On Jan. 19, the daily trading volume of Hong Kong stocks exceeded 300 billion Hong Kong dollars ($38.7 billion). On Jan. 21, the Hang Seng Index, which tracks the Hong Kong stock market, rose by more than 10 percent, ranking first among the most important global indexes, according to NetEase Finance.
Despite the spread of the pandemic in Hong Kong, a weak economy, and the Chinese Communist Party’s (CCP) increasingly stringent control, the Hong Kong stock market experienced an unusual rise from Jan. 6 to Jan. 21.
Hong Kong Guotai Junan Securities (GJS) issued a report predicting that Hong Kong stocks are expected to have an “index bull market” in 2021. However, according to expert analysis, this bull market is driven by policies and built on a weak foundation. It functions more like a casino for the CCP to collect money.
According to a report by The Paper on Feb. 3, since the beginning of 2021, capital has continued to flow into Hong Kong stocks, stimulating the long-silent Hong Kong stock market. Wind Data Service shows that in January, the total annual net inflow of funds into Hong Kong rose to 310.623 billion Hong Kong dollars ($40.67 billion).
The net purchase amount in just 13 trading days this year exceeded 30 percent of last year’s, close to the 249.3 billion Hong Kong dollars ($32.16 billion) in 2019, according to the NetEase report.
Later, due to the listing of Kaishou, a new stock in Hong Kong that attracted a lot of capital, Hong Kong stocks fell. In the first month of 2021, the Hong Kong Hang Seng Index rose by 1052 points or 3.9 percent; the Hang Seng Technology Index rose by 932 points or 11.1 percent in January.
Chinese Money Floods HKSE
GJS also said that with the accelerated inflow of funds, Hong Kong stocks will continue to lead the world, and overseas funds will return to Hong Kong stocks.
On Jan. 20, a Chinese-language Securities Times article on the funds flowing into the Hong Kong Stock Exchange (HKSE) mentioned that leading internet companies, unicorn startups, and other new economic leaders in biotechnology are now listed in Hong Kong. These high-quality core assets that aren’t available as A-shares have attracted investors from mainland China.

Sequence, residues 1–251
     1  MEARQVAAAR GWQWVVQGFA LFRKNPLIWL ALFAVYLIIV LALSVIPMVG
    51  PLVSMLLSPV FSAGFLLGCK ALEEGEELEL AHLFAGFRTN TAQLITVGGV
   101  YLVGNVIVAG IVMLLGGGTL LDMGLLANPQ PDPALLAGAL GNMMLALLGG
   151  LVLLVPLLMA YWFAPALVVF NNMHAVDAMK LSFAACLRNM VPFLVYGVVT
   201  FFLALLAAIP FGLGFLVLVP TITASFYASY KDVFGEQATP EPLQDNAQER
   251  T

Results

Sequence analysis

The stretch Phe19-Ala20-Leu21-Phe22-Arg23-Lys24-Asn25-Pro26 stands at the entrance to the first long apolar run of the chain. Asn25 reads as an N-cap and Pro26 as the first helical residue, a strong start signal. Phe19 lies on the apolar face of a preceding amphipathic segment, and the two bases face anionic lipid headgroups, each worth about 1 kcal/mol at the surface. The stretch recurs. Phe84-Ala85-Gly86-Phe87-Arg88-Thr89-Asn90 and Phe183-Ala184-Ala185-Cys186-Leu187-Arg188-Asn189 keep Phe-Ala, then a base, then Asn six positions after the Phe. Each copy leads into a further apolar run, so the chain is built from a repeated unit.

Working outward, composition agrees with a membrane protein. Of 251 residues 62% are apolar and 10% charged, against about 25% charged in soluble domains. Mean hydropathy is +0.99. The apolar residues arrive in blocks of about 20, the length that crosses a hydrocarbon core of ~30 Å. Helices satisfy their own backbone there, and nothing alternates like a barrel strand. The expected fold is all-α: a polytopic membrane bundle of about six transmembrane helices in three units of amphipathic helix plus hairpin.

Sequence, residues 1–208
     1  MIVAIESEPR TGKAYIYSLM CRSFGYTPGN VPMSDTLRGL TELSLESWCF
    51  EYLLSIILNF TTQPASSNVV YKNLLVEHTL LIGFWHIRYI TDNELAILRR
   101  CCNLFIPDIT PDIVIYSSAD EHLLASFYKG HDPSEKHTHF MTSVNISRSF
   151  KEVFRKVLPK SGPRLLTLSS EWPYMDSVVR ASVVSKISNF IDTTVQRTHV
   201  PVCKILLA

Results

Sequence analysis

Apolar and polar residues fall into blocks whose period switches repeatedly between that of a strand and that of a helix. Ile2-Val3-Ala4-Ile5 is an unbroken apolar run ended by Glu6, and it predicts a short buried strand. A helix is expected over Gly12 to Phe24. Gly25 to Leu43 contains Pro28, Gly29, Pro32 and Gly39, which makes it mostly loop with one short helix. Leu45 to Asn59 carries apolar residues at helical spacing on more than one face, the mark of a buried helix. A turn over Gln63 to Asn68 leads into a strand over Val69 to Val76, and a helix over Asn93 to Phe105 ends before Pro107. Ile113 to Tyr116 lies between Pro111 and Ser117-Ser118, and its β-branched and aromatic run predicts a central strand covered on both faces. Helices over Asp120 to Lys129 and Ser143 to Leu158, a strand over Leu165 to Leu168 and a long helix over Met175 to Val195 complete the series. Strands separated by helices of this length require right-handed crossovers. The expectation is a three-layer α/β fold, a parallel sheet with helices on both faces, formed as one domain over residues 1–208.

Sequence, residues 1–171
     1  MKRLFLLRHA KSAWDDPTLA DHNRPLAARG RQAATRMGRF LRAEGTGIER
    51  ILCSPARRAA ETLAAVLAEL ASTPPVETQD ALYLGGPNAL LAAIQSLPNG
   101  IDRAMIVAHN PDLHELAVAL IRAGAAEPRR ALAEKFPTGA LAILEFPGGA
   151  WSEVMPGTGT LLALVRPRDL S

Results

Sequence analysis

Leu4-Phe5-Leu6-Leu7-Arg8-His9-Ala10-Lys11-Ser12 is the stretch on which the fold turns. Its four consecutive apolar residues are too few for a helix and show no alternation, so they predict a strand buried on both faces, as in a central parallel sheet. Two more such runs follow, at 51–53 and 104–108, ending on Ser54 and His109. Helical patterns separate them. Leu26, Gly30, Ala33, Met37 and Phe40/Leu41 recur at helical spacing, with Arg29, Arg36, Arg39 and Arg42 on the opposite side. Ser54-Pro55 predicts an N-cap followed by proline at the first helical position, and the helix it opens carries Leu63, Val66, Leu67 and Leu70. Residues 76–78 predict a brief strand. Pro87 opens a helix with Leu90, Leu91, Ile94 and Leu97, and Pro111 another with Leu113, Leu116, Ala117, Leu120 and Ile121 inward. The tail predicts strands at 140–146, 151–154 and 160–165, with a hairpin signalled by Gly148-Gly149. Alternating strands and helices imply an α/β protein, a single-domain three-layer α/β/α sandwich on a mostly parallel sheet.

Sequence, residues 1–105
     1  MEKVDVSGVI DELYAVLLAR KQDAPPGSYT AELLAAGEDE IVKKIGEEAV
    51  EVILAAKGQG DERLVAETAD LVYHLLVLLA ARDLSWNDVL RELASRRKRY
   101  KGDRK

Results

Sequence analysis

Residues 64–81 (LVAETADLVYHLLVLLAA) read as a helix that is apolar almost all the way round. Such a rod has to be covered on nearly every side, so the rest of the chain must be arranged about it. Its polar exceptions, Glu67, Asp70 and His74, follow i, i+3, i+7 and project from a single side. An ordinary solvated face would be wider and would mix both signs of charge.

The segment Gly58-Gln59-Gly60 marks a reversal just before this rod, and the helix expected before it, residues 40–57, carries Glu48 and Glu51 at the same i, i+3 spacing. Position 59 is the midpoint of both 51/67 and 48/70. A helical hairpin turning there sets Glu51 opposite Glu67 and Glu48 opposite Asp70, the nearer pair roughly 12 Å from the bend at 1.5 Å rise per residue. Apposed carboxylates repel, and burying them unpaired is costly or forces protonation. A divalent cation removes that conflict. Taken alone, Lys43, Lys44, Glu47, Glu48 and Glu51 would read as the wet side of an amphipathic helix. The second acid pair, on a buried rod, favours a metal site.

The most sought after are technology giants such as Tencent Holdings, Meituan, and Alibaba. Leading companies such as the Industrial and Commercial Bank of China and Construction Bank will greatly benefit from the resonant inflow of funds from China and overseas.
China Concepts Stock Returns to HK for 2nd Listing
Mike Sun, a financial expert with more than 30 years of investment experience in China, told The Epoch Times that he believes the pouring of funds into the HKSE means Beijing is mobilizing to prepare for the expansion of Hong Kong’s capital. He predicted that the CCP will continue to suppress the housing market in 2021 while supporting the stock market and expanding capital.
Sun explained that while the development of the capital market was emphasized in the CCP’s 14th Five-Year Plan in October 2020, the new securities law for IPOs introduced in March 2020 changed from an approval system to a registration system. He believes the purpose is to find a new reservoir for overprinted banknotes and to collect money from the stock market. Not only will mainlanders’ savings be driven toward the stock market, foreign capital is also targeted. The goal is to attract capital from Wall Street to the Hong Kong stock market.
Sun also mentioned that the CCP will take the initiative to allow China concepts stock in the U.S. stock market to be listed in Hong Kong.
“Today, the CCP wants to expand the stock market, but it is facing a shortage of assets. The few high-quality assets make its stock market less appealing. Most of the quality assets have been listed in the United States. If these companies of China concepts stock are allowed to return to China, they’ll be able to help to collect money in the Chinese stock market and let the funds go into the Chinese H shares and A shares, then the situation will be very different. For example, the stage is set up, but there are not enough good actors. So good overseas actors, even if the box office hits are not high, are retrieved,” he said. “Of course, packaging is also very important.
“Now, China capital is sweeping the Hong Kong stock market. Everyone is rushing for chips in order for the next larger Chinese concepts stock to be listed in Hong Kong for the second time.”
State-Owned Enterprises Packaged for Listing